This is a plea for all Ajax developers to carefully consider the MIME Type of all those little snippets of data that are served up for processing by your javascript. If you use an inappropriate Content-Type in your HTTP response, you may find that your carefully crafted applications break when used from mobile phones, or for dial-up users trying to boost their bandwidth using a "web accelerator".

Sure, it's not likely to happen, but it could happen to you. So it probably will. Here I explain the problem to be aware of, and a simple solution to ensure your applications don't succumb to it.

Content-Type pre-Ajax

In the traditional synchronous web model, it is the browser itself that processes the data retrieved from the web server. The browser uses the HTTP Content-Type header supplied by the server to determine how to display the data contained in the body of the response. For example, a GIF image is normally served using a Content-Type of img/gif. When the same data is served as text/html it is dutifully displayed as (gibberish) text.

Aside: Ok if you're an IE user you will have noticed that it ignores the Content-Type and displays the image even when it's served as text/plain. As Alan Flavell has exhaustively documented, this is because IE is wrong and not obeying a mandatory requirement of the HTTP specification. Try the above links in a conforming browser like Firefox and you'll see the correct behaviour. For the purposes of this discussion IE's odd behaviour does not matter.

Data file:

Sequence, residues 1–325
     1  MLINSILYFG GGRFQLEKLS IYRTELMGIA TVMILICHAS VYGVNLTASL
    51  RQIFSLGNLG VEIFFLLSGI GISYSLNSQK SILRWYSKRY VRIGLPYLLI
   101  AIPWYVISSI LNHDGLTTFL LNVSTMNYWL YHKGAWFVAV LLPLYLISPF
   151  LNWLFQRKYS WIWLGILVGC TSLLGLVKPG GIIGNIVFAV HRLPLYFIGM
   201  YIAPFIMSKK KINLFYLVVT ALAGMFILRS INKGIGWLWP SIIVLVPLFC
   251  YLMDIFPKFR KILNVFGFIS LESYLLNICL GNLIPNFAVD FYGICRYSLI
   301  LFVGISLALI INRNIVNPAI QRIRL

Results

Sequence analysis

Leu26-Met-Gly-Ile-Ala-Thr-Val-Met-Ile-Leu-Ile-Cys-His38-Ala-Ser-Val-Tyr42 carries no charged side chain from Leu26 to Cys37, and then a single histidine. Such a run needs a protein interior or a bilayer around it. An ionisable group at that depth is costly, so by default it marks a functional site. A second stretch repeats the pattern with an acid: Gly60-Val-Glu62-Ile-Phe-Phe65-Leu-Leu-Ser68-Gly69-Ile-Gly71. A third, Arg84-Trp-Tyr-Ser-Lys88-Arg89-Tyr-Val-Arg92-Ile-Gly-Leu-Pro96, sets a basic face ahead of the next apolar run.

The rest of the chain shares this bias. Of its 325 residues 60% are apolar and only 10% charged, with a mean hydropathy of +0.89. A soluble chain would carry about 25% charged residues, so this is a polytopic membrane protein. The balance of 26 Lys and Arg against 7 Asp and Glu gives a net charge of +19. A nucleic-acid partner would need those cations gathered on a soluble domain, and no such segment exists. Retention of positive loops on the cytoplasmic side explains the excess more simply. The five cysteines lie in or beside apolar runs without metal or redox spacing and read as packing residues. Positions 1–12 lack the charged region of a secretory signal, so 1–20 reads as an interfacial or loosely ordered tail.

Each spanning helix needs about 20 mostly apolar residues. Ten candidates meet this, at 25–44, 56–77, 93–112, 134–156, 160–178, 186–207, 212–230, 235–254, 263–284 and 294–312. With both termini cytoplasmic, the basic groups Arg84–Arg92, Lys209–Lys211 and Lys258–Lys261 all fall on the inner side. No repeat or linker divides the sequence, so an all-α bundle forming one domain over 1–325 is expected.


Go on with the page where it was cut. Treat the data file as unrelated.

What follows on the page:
Content-Type with Ajax

In the Ajax web model, it is your javascript code that processes the data received from the server, not the browser itself. So you can use any content-type you like, right? After all, it's your web server, you know what the content will be and you are in control of how it is processed, regardless of the content type. Except of course, that this isn't always true.

Web Accelerators and Content Optimisation

Consider the road warrior, with Firefox on their laptop and a GPRS connection, using their favourite Ajax-enabled website, hopefully yours. Here in the UK, the network operators are trying to make more effective use of the limited bandwidth available with the current technologies. This can be done by optimising the content received from the web server before it is transmitted over the relatively slow part of the link from the network provider to the mobile handset.

One very simple method of reducing the size of a webpage is to strip redundant information out of the content, such as extraneous whitespace or comments. Indeed, there are many tools available to the Ajax developer to perform precisely this kind of optimimsation before the content is even served, such as the Dojo compressor.

In the case of the mobile network, the optimisation is done on the fly by a gateway that intercepts all HTTP traffic. The gateway relies on the Content-Type reported by the server so it can strip irrelevant data from the content without affecting it's meaning. For example, extraneous whitespace can be safely stripped from HTML (text/html) and the page will render the same, but removing whitespace formatting from a text document that is intended to be read by a human (text/plain) would not be terribly helpful.